tioedong
tioedong

motivational tactics are the same, but the way you do things are different. But then I'm a cynic. The government was always giving out rewards, and as a maverick I never got one. But I cherish the one given by the community when I left, because I know it was real, not manipulative.

Inkling
Inkling

Motivation is achieved by: - Leading by example. - Setting your subordinates up to succeed. Giving them the tools (training, etc.) and the freedom to do so, etc. - Being supportive of your subordinates in professional and personal matters. The rest is just fluff and trickery and ultimately, in my opinion, tools of inadequate leaders or leaders whom are not supported in a similar manner as mentioned above. Maybe that's overly simplistic, but if it works in the Marine Corps, where lives depend on it, it should work anywhere.

JamesRL
JamesRL

The leadership you describe should work in most situations, in business world or military. But the business world is different. There is not the same camaraderie in business. You don't live together. Your lives don't depend on each other. And most people in business are not bound by contract or oath. If they don't like it, they can leave at any time. I think motivation, like management in general, should be approached in a flexible manner. I have 10 staff. They are motivated by differnt things - some are late in their career, some early. My senior staff have loads of autonomy. They know that if they make good decisions with a sound basis I will back them up. Their level of autonomy is in their job description. They tell me what training they need to get the job done, they find it and I pay for it. My company by the way, will knock down my bonus if each of my staff has not completed 40 hours of training(formal or informal) a year. My role is to challenge them, guide them, push them. For some of them, having some interesting projects to work on is their motivator. Some I am given and have to delegate out, some they come up with on their own. I had to use different motivators when I had a group of young desktop support staff. Horses for courses as they say. James

wdewey@cityofsalem.net
wdewey@cityofsalem.net

I hope you have been in the marines to be making comments like that. I have been in the military for 14 years (Air Force and Air Guard) and putting people in for awards and decorations has always been stressed. They are a public demonstration of appreciation and I have not seen a general without a full ribbon rack. I have a great deal of respect for all the military leadership that I have worked with I haven't met any leader that doesn't stress the importance of recognizing their people. Bill

Inkling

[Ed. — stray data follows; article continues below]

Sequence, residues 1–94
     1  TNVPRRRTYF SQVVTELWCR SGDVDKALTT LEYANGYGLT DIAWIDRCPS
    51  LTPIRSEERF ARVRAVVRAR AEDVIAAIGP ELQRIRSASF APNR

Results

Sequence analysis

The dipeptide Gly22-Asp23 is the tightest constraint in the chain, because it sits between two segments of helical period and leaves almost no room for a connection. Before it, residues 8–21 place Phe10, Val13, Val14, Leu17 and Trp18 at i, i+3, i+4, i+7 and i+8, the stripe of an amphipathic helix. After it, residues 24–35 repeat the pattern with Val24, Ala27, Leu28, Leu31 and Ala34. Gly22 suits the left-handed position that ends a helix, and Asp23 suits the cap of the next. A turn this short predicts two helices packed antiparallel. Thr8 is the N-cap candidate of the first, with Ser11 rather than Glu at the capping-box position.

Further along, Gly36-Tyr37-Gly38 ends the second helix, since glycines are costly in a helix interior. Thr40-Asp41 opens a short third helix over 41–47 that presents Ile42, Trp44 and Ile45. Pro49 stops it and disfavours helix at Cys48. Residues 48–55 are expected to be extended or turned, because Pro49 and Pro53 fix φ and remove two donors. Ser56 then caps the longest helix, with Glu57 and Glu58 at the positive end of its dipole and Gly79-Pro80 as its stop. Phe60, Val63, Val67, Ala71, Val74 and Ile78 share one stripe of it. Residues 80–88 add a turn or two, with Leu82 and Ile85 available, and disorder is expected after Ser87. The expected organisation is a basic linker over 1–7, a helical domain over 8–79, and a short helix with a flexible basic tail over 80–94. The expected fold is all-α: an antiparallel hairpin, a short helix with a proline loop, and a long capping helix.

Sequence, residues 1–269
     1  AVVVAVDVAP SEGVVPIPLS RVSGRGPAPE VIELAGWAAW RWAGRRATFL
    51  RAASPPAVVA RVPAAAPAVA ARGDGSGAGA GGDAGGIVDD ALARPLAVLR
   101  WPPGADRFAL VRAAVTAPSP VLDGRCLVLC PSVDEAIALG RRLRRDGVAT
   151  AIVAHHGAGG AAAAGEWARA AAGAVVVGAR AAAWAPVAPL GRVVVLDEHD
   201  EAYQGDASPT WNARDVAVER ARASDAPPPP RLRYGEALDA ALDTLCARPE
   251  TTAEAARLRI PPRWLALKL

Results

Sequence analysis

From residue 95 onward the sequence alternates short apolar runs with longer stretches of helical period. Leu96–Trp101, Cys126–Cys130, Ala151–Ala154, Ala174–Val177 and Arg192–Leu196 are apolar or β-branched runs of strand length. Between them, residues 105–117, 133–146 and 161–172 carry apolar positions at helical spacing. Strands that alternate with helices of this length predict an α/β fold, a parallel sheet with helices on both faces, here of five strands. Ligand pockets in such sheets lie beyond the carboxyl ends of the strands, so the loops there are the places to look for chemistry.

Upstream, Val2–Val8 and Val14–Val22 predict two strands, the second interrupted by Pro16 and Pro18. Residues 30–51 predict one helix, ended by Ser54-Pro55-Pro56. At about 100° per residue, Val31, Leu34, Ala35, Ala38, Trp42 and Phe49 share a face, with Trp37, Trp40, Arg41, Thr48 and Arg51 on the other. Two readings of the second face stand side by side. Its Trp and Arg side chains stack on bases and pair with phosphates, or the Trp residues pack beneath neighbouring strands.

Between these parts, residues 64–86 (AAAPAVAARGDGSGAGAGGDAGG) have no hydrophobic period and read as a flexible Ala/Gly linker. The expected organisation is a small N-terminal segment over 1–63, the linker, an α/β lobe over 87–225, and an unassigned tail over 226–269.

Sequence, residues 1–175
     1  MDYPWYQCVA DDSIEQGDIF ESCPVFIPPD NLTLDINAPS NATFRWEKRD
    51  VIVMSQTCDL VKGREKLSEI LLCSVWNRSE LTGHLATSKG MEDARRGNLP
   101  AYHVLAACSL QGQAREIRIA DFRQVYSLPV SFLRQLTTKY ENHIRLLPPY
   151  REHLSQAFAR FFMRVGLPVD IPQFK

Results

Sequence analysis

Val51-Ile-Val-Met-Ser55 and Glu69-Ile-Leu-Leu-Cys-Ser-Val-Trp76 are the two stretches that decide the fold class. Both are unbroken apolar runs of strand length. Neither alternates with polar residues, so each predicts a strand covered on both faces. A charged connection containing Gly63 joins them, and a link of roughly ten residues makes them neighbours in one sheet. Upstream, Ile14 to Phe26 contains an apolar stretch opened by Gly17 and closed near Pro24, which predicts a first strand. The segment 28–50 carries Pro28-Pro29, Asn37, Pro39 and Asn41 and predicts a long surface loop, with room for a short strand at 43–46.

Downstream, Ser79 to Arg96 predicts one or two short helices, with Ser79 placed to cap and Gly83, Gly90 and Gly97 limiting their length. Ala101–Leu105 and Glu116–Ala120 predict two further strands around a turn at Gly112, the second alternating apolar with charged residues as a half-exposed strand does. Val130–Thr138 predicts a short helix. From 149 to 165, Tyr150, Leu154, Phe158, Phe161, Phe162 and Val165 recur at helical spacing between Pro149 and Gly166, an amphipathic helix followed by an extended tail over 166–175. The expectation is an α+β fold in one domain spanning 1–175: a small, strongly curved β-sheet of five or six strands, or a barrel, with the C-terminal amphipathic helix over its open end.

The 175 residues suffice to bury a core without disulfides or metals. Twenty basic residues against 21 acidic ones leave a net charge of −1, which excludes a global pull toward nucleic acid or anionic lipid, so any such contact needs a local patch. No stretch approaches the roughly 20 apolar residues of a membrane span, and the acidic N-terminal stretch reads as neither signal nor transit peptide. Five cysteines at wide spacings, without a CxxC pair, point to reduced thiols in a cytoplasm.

Inkling

The United States Marine Corps in which I served. Regardless of the branch of service though, the basics remain the same. Marines also encourage putting people in for awards, when it is rightly deserved. I was a Sergeant (e-5) when I was honorably discharged from the Marine Corps. I had several 19 & 20-year-old Corporals and Sergeants working for me. I would take those 19 & 20-year-old NCOs as managers ANY day over probably 85% of the "managers" I have had in the civilian world. Why? Because Marines are taught that the only thing more important than mission accomplishment is the welfare of your Marines (subordinates). I have had ZERO managers in the civilian world that lead by example in a similar manner as the Marine Corps taught me on a daily basis (by instruction from my superiors and by my superiors living by those ideals). On two separate occasions I watched my officers receive awards based on work that I had done. I was as proud when they received the awards as I ever was when I personally received awards.

BFilmFan
BFilmFan

Having served as an enlisted grunt and then as an officer, I agree that your people are your first and primary concern. You lead from the front. You never ask anyone to do something you wouldn't do yourself. If you don't know, you ask. When you ask for advice, listen to it. Beating people over the head isn't leadership, it's assault. Only dictators use fear and intimidation to get ahead in life.

Locrian_Lyric
Locrian_Lyric

and as we all know there ARE NO EX-MARINES. LOL. Great folks, all of you. I wish I had been able to join the military, but I am partially deaf, and was exclueded for that reason when I tried to enlist. But enough about me... Thank you for your service. It is appreciated. I have tons of respect for our military, and especially the USMC!

Trekrod
Trekrod

Darkness is Nothing Nothing is Light therefore Darkness is Light A simple exercise in perception. It is clear that the Fish Story as well as many other OE (Organizational Effectiveness) programs do offer an opportunity for someone to shift their perception of a situation. Turn the event or mood to your advantage. Cognitive Therapy offers the same perception shift. If you are doing something that affects you in a negative way, affect the change in yourself to improve your attitude, motivation, mood or work environment. Once you give control of your emotional well being to another person or group you have abdicated control over yourself. This is a fundimental rule of Cognitive Therapy. That being said, In the Corporate world you have two forces working against each other no matter what company you work for. In an established company you have upper level managers working to conserve capital and go through the budget process. But at end of budget year lower level people are told to spend spend spend so that upper managers won't lose the budget dollars the next year. Shouldn't the whole team be motivated in same direction? In a small Start Up company everyone knows capital is key, so conserve and make do, but deliver the reliable working / finished product on time at the least expense. If monies are left over then use them to grow the business the next year/reward the staff with bonuses/ provide them with training. Cultivate the garden so to speak.